Because we are bombarded with so many persuasive messages—and because we do not have the time, resources, or interest to process every message fully—we frequently process messages spontaneously. In these cases, if we are influenced by the communication at all, it is likely that it is the relatively unimportant characteristics of the advertisement, such as the likeability or attractiveness of the communicator or the music playing in the ad, that will influence us.
If we find the communicator cute, if the music in the ad puts us in a good mood, or if it appears that other people around us like the ad, then we may simply accept the message without thinking about it very much (Giner-Sorolla & Chaiken, 1997). In these cases, we engage in spontaneous message processing, in which we accept a persuasion attempt because we focus on whatever is most obvious or enjoyable, without much attention to the message itself. Shelley Chaiken (1980) found that students who were not highly involved in a topic because it did not affect them personally, were more persuaded by a likeable communicator than by an unlikeable one, regardless of whether the communicator presented a good argument for the topic or a poor one. On the other hand, students who were more involved in the decision were more persuaded by the better message than by the poorer one, regardless of whether the communicator was likeable or not—they were not fooled by the likeability of the communicator.
You might be able to think of some advertisements that are likely to be successful because they create spontaneous processing of the message by basing their persuasive attempts around creating emotional responses in the listeners. In these cases, the advertisers use associational learning to associate the positive features of the ad with the product. Television commercials are often humorous, and automobile ads frequently feature beautiful people having fun driving beautiful cars. The slogans “I’m lovin’ it,” “Life tastes good,” and “Good to the last drop” are good ads in part because they successfully create positive affect in the listener.
In some cases emotional ads may be effective because they lead us to watch or listen to the ad rather than simply change the channel or do something else. The clever and funny TV ads that are broadcast during the Super Bowl every year are likely to be effective because we watch them, remember them, and talk about them with others. In this case, the positive affect makes the ads more salient, causing them to grab our attention. But emotional ads also take advantage of the role of affect in information processing. We tend to like things more when we are in a good mood, and—because positive affect indicates that things are okay—we process information less carefully when we are in a good mood. Thus the spontaneous approach to persuasion is particularly effective when people are happy (Sinclair, Mark, & Clore, 1994), and advertisers try to take advantage of this fact.
Another type of ad that is based on emotional response is one that uses fear appeals, such as ads that show pictures of deadly automobile accidents to encourage seatbelt use or images of lung cancer surgery to decrease smoking. By and large, fearful messages are persuasive (Das, de Wit, & Stroebe, 2003; Perloff, 2003; Witte & Allen, 2000). Again, this is due in part to the fact that the emotional aspects of the ads make them salient and lead us to attend to and remember them. And fearful ads may also be framed in a way that leads us to focus on the salient negative outcomes that have occurred for one particular individual. When we see an image of a person who is jailed for drug use, we may be able to empathize with that person and imagine how we would feel if it happened to us. Thus this ad may be more effective than more “statistical” ads stating the base rates of the number of people who are jailed for drug use every year.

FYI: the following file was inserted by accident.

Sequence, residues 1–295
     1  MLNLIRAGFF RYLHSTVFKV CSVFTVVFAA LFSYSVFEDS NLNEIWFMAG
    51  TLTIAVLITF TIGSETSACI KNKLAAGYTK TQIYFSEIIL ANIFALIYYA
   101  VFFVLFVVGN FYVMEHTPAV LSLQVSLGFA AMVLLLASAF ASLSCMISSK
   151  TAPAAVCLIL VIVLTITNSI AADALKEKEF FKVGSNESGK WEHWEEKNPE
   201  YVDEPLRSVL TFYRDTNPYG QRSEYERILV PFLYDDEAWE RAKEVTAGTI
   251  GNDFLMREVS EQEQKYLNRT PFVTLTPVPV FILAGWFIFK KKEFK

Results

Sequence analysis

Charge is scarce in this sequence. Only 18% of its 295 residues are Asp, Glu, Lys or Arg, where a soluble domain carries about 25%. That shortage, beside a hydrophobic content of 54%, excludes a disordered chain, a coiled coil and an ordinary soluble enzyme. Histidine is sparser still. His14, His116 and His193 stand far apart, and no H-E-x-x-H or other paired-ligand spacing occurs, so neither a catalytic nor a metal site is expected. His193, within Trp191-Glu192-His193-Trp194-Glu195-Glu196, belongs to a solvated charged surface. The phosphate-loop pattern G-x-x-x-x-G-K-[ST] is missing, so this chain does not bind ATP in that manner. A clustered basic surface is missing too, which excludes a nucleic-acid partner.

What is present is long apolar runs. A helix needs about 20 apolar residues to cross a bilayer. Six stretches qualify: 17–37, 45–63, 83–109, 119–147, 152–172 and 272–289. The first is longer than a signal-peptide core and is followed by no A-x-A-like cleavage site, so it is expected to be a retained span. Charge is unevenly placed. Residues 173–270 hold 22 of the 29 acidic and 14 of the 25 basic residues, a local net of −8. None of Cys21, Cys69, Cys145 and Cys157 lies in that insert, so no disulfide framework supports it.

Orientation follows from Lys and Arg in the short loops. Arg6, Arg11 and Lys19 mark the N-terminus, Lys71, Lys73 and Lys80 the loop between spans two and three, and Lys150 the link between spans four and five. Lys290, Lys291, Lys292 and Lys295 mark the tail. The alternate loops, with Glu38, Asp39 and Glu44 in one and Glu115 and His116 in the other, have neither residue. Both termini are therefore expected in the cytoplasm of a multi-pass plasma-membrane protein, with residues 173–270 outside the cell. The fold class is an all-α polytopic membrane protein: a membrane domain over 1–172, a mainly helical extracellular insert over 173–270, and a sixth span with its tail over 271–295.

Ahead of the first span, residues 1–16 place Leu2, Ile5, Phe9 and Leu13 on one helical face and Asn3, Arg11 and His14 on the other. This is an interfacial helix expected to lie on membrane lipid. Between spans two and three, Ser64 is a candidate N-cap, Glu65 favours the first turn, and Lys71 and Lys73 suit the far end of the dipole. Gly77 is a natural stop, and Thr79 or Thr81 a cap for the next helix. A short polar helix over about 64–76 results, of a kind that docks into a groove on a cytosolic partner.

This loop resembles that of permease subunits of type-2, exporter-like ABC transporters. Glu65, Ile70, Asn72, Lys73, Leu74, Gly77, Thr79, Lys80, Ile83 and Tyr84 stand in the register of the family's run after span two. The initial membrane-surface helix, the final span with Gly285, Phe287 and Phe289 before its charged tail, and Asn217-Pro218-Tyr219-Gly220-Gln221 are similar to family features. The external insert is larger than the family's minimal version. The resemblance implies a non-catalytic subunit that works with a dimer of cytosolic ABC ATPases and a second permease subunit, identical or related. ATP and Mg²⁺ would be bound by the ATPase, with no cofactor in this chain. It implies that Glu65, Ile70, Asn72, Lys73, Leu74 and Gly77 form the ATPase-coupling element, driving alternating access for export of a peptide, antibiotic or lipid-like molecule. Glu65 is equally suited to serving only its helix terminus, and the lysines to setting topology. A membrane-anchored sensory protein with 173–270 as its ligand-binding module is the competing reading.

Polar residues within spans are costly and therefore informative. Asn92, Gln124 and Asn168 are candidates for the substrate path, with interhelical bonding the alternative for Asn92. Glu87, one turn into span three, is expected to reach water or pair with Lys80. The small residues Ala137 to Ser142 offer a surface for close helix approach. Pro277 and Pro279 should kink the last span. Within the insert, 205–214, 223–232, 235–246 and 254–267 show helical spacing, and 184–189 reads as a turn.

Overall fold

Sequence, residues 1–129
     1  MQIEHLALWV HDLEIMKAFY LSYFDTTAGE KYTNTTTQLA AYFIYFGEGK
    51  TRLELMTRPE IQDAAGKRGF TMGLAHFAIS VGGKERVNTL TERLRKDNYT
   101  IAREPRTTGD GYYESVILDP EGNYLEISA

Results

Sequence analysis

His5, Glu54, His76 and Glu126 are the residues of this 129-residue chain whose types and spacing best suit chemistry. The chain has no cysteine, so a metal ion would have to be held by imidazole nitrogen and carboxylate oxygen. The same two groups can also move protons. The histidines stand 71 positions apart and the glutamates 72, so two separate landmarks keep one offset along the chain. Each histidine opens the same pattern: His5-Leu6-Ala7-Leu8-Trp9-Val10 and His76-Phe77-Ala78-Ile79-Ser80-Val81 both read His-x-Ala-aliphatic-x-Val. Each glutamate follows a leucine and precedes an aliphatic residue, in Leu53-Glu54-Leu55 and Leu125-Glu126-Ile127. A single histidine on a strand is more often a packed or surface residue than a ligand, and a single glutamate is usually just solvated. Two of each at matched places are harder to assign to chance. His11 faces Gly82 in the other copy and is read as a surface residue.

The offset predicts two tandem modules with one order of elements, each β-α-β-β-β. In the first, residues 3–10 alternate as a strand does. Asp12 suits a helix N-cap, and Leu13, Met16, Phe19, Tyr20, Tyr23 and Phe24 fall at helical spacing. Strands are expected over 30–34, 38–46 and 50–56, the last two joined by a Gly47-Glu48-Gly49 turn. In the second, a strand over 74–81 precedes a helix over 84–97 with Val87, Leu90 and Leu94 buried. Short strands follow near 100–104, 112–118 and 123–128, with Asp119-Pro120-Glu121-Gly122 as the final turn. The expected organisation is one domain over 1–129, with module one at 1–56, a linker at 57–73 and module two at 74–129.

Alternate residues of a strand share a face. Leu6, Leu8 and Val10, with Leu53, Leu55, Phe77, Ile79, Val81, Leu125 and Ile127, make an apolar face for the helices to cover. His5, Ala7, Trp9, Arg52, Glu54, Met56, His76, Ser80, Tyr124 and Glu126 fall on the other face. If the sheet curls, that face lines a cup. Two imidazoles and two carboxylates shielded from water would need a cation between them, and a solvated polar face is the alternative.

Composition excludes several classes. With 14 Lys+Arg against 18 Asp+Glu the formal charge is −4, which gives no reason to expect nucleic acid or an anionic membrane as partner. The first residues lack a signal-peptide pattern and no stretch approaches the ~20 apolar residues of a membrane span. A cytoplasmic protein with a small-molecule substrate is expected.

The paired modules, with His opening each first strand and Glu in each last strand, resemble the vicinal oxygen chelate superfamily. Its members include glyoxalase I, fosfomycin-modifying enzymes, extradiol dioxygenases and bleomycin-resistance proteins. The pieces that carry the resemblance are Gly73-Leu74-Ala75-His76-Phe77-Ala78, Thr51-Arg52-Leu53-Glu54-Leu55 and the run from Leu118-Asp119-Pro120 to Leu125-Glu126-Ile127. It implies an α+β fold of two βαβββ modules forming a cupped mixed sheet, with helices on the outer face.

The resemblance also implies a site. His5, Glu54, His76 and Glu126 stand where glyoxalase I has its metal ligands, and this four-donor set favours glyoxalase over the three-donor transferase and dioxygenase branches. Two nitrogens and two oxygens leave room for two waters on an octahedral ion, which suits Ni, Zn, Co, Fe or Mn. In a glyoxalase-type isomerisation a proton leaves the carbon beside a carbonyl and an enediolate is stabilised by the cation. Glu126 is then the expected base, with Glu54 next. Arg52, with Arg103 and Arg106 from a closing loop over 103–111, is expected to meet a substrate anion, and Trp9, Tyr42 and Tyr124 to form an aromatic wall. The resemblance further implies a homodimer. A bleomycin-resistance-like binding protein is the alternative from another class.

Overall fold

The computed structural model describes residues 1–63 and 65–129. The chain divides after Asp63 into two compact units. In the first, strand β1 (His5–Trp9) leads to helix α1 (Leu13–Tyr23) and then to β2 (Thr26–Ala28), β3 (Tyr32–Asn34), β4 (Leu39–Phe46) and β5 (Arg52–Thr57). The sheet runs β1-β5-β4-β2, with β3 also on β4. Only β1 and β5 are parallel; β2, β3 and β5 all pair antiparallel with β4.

Fearful ads also focus on self-concern, and advertisements that are framed in a way that suggests that a behavior will harm the self are more effective than those framed more positively. Banks, Salovey, Greener, and Rothman (1995) found that a message that emphasized the negative aspects of not getting a breast cancer screening mammogram (e.g., “Not getting a mammogram can cost you your life”) was more effective than a similar message that emphasized the positive aspects of having a mammogram (e.g., “Getting a mammogram can save your life”) in convincing women to have a mammogram over the next year. These findings are consistent with the general idea that the brain responds more strongly to negative affect than it does to positive affect (Ito, Larsen, Smith, & Cacioppo, 1998).
Although laboratory studies generally find that fearful messages are effective in persuasion, they may be less useful in real-world advertising campaigns (Hastings, Stead, & Webb, 2004). Fearful messages may create a lot of anxiety and therefore turn people off to the message (Shehryar & Hunt, 2005). For instance, people who know that smoking cigarettes is dangerous but who cannot seem to quit may experience particular anxiety about their smoking behaviors. Fear messages are more effective when people feel that they know how to rectify the problem, have the ability to actually do so, and take responsibility for the change. Without some feelings of self-efficacy, people do not know how to respond to the fear (Aspinwall, Kemeny, Taylor, & Schneider, 1991). Thus if you want to scare people into changing their behavior, it may be helpful if you also give them some ideas about how to do so, so that they feel like they have the ability to take action to make the changes (Passyn & Sujan, 2006).